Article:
I bought a plant last year, put it in my garden and it immediately went to seed. I wasn’t paying attention to it at all. This spring, I literally have a carpet of epazote growing. I’m planning to give away what I can or I will have to dig it all out but leave the largest plants.
If you grow it, know it is invasive! So make sure you catch those seeds or you will have a green carpet of epazote too.
Holly: You are not wrong!
I love Epazote aImost in everything. I like alot in black beans. I chop up, onion, chile serranos and epazote, fry it alittle in oil then pour black beans, simmer on low. I mashed them up and serve as a taco with some queso fresco. Soooo Gooood!!!
Hey Hank! I just started growing this in my garden recently and was looking for good uses. I read the article and used it in my enchiladas verdes last night. great tips. Then I was going through this page again and realized you wrote this. So glad it was you. I have a copy of “Buck, Buck Moose”. Shortly after doing so, on twitter, you answered a question I had about using milk for liver. You did so very quickly and I appreciated that. I’ve used many of your recipes from the book. Venison barbacoa is a fave. Thanks again and be well
Hank, my mom uses epazote in her pozole. so delicious ? I came across your article by trying to see what epazote translates in english. it’s a very good article and my mom likes your salsa recipe.
Thanks for this post. I was introduced to epazote in Oaxaca in the early 1990’s as an ingredient in cooking black beans, then proceeded to grow it in western Washington state. It self-seeds here also. I have dried it and it will keep for several years. I’ll have to try it as a flavor ingredient in your salsa verde. Love the creosote flavor.
Thank you for this post. I had heard of Epazote, and even contemplated growing some to see what it tasted like. My surprise in reading your post was in reading the Latin name (Dysphania ambrosioides). I had come across this species last year as a pioneer in a salt marsh restoration project I was monitoring (sand was placed on top of the marsh to raise the elevation for new marsh establishment ahead of sea level rise). I had not encountered Dysphania before, and was unfamiliar with the seedlings. Finally the flowers revealed the species’ identity. I pondered the reference of the Anglo common name of Mexican tea, and read of the species’ impact on “vermifuge”, but did not make the connection to “Epazote”. The substrate of the newly created habitat was sand, and the seeds apparently arrived via water, as over wash from the surrounding salt pond during storm events, indicating that the species also has a degree of tolerance to salinity. Now I know where to look for some to try with beans, and to make this salsa! Thank you. Very skunky smell.
Good writeup on Epazote, Hank. I have seen it growing wild all around the Denver Metro Area. I have a variety purchased from Natice Seeds Search in Tucson that they claimed was gathered in the mountains of the Tarahumara in Northern Mexico although the traditional regions for it’s use is Oaxaca. I only say this because the herb has changed it’s aroma and taste after self sowing for more than 25 years in the Denver Front Range climate zone 4b as it comes up each year unassisted in my garden. In other words this herb may taste very different where you live vs. the one gathered in various Mexican regions where it is used in food prep. I use it fresh in the summer and fall and prefer a dried Epazote purchased from a Oaxaca grower for off season culinary use as it has a much stronger creosote flavor when cooked.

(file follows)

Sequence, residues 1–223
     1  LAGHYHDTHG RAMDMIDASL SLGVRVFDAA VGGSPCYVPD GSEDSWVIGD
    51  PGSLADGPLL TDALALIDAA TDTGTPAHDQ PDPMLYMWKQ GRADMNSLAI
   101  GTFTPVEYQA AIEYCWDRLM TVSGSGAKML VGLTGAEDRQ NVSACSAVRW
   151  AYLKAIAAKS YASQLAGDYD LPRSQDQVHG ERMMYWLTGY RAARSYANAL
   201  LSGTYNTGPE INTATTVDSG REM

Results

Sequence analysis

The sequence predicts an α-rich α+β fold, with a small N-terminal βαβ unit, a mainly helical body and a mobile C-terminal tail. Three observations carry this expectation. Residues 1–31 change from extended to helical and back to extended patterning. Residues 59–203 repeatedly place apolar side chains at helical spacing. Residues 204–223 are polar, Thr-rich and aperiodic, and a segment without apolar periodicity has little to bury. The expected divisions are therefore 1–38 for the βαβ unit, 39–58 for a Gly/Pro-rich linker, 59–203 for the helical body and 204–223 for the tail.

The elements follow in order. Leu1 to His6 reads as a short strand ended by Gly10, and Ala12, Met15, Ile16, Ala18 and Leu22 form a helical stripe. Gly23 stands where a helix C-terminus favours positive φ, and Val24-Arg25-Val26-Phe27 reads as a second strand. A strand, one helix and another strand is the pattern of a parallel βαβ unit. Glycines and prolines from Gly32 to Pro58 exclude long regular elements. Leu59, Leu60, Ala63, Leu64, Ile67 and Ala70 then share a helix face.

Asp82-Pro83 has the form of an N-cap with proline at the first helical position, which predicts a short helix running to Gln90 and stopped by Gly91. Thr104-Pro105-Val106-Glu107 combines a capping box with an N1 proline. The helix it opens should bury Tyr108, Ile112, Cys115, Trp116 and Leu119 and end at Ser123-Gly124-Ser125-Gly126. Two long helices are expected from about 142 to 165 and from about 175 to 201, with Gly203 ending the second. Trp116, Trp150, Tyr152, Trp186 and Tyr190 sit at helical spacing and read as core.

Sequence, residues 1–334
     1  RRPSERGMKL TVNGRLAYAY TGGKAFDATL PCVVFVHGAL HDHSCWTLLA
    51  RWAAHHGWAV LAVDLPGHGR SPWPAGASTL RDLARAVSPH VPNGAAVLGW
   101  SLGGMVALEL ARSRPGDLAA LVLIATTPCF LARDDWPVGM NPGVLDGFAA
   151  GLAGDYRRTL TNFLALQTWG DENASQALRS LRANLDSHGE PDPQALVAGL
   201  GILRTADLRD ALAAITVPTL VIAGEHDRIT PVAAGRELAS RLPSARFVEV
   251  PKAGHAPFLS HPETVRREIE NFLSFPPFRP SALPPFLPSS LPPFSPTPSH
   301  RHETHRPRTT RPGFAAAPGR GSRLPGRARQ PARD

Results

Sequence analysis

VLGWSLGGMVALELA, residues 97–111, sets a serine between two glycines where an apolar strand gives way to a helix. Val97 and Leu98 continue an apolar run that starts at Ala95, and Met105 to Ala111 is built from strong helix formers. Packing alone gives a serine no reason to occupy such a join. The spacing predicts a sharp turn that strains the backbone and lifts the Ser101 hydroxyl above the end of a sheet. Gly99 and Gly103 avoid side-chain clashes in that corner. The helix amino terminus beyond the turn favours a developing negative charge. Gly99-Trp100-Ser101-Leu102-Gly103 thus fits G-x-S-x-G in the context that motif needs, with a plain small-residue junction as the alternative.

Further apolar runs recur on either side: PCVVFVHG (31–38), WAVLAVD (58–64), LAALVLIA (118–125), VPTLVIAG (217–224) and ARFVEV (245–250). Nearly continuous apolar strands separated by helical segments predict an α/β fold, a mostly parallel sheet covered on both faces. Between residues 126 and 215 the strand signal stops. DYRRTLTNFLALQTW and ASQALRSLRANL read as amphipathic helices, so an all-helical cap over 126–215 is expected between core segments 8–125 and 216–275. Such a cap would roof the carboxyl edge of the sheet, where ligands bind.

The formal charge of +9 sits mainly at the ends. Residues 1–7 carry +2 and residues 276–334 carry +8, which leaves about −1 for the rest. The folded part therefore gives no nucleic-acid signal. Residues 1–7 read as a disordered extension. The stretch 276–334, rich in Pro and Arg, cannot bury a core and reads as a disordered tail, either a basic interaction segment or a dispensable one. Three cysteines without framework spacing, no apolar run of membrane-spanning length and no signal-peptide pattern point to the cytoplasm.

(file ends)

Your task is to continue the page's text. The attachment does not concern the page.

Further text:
I don’t believe that Epazote can break down proteins as it is NOT an enzyme but a volatile terpene class flavoring used during the end of cooking. It is traditionally not cooked for long in the dish as it looses flavor very quickly when heated. Epazote terpenes act on intestinal microflora to eliminate or reduce the population of methanogens and hydrogen producing bacteria that can grow in the presence of hard to digest bean sugars. These are carbohydrates like rhaffinose (3 simple sugars linked together in a form we can’t digest) and the four sugar carbohydrate called stachyose that we can’t normally digest because we lack an enzyme needed to break it down but bacteria in our gut can do it easily. The problem is that some of these bacteria create methane and hydrogen gas in the presence of these complex sugars. So Epazote helps you to eliminate the gas producing bacteria that consume these tri and tetra saccharides that can cause gas by allowing other non-gas producing microbes to eat them.
It is also my understanding that cases of Epazote toxicity have been caused by people consuming the Epazote essential oil which is highly concentrated and highly toxic in large doses. The raw herb is not nearly as dangerous as the essential oil and this is true of many essential oils now so popular for aromatherapy and massage.
David: Thanks a heap, that is great information!
How about dried epazote. Is it as useful in recipes?
Susan: Sort of. Typical dried epazote isn’t very good. But if you dry it gently yourself it holds flavor well. I dry in a dehydrator at 100F, or put the sprigs in my hot garage in summer. Always shade, and air movement is key.
I find the best way to prepare epazote is to pick it fresh, then dry it slowly for two or three days, shred it ‘chiffonade’ as the French say, then drop it into a compost bin. 🙂
Thanks so much for the Epazote information! I have it dried but fresh sounds best with more than enough information to increase my Mexican culinary skills ?
Finally, a good explanation for Epazote use in recipes. I grew this a few times many years ago and used a bit of it in some Mexican recipes, always aware of consuming too much, often not using enough to appreciate the interesting, unique tone of this herb. Growing every year is best for fresh quality.
Awesome article as always Hank, you should drop an ebook or short Mexican recipes with Game meat book.